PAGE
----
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UK govt considers invoking national security in Arm IPO saga

Reportedly dropping hints it may use legislation to push a London listing

The UK government is upping the ante in attempts to have Arm listed on the London stock exchange, with reports suggesting it is considering the threat of national security laws to force the issue with owner SoftBank.

According to the Financial Times, the British administration is considering whether to apply the National Security and Investment Act (NSIA), which came into force at the start of the year, in a bid to have SoftBank change its mind over listing Arm exclusively on the Nasdaq in New York, as it has previously indicated.

The FT cites the usual "people familiar with the matter", who indicated there had not yet been a formal debate over using national security legislation, and the idea was opposed by some government officials.

Nevertheless, the news that using the NSIA has even been discussed shows the government is determined to have Arm listed in London, perhaps because the chip designer is still seen as a global technology success for Britain, despite the government allowing it to be sold to Japan's SoftBank in 2016.

Potential of layoffs

However, Arm's listing in New York could have consequences for UK workers, as it could lead to the chip designer transferring its headquarters to the US from Cambridge in the UK.

Arm is already cutting one in 10 jobs in the UK division, believed to be about 350 roles, as part of a global restructuring thought to involve the loss of about 1,000 positions ahead of the IPO.

A senior source close to the company previously told us that more layoffs at the company's headquarters would be likely if the IPO goes ahead in the US as planned.

"If Arm lists on the Nasdaq or the Dow Jones there is a requirement to move the HQ to the USA," the source told us.

Last week, we reported that the UK minister for Technology and the Digital Economy Chris Philp had said the government was "working closely with" Arm management on the IPO process, and that many companies have previously launched with a dual listing in both the UK and US.

Arm was itself dual-listed before its sale to SoftBank, with the London Stock Exchange as its primary location and secondary stock held in New York.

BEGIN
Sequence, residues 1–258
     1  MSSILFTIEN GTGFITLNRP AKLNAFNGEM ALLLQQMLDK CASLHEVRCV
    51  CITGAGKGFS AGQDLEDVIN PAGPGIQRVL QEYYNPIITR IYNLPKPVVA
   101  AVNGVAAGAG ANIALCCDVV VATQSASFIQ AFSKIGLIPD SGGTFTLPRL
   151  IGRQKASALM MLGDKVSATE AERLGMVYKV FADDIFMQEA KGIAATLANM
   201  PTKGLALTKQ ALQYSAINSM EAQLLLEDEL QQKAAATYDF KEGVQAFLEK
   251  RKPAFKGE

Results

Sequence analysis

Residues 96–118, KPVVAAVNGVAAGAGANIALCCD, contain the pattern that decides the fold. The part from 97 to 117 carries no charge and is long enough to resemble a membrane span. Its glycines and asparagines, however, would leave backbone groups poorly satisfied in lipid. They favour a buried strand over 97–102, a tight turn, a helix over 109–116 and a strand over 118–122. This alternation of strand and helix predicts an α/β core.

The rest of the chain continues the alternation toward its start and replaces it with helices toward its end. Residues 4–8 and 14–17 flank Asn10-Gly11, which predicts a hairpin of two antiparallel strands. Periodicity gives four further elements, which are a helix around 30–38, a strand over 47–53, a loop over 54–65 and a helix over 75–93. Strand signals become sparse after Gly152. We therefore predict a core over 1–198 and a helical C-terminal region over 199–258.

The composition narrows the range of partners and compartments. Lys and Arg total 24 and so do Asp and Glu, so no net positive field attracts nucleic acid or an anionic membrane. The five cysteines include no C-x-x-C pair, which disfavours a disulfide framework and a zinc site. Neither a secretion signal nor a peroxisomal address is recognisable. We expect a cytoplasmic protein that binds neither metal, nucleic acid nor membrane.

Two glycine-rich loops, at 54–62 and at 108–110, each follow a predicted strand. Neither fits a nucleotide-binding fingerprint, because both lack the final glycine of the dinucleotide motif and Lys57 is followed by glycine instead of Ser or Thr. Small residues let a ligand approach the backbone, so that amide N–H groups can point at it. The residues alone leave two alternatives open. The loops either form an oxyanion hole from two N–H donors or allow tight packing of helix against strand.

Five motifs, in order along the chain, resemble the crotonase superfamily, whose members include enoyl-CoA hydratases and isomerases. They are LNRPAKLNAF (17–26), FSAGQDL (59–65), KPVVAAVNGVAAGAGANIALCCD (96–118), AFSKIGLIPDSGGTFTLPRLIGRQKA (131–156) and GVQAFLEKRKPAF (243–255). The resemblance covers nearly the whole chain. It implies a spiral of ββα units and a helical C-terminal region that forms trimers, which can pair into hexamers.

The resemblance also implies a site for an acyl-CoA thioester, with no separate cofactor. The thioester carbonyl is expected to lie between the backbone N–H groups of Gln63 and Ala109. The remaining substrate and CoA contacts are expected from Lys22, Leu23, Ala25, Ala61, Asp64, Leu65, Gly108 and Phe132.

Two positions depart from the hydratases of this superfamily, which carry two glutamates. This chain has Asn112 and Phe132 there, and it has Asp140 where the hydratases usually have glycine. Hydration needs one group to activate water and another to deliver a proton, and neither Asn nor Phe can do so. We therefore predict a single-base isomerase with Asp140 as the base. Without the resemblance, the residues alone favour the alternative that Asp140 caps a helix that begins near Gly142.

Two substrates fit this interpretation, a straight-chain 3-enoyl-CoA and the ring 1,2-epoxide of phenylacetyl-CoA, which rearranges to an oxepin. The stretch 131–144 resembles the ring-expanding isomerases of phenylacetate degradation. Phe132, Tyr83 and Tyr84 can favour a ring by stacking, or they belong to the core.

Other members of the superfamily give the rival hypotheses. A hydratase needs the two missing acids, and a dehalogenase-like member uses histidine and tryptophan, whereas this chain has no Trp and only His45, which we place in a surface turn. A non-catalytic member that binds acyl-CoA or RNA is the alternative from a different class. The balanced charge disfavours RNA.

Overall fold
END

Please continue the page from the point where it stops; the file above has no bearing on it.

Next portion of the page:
The Register asked Arm and SoftBank for their views regarding the threat of invoking NSIA, but neither company had responded at the time of publication. If we receive any response, we will update accordingly.

Although the NSIA only came into force at the start of the year, it has already been used in at least two cases involving technology companies; an assessment has been called on the investment in Brit mega telco BT by French telco tycoon Patrick Drahi, who upped his stake to 18 percent late last year, making him the largest current shareholder in BT Group via his Altice UK investment vehicle.

Another security assessment is underway into Newport Wafer Fab's acquisition by China-controlled entity Nexperia last year. Although this deal has already closed, the Act may allow the government to undo the sale if it believes there are national security grounds for doing so.

The UK government also previously intervened in SoftBank's planned sale of Arm to Nvidia, referring the deal to the nation's Competition and Markets Authority last year over fears that it might stifle competition in the chip market where chip designer Arm is seen as a neutral player.

Scrutiny such as this, and from other regulatory bodies in the EU, US and China, were cited as reasons for the sale falling through and SoftBank deciding to float Arm on the stock market instead. ®

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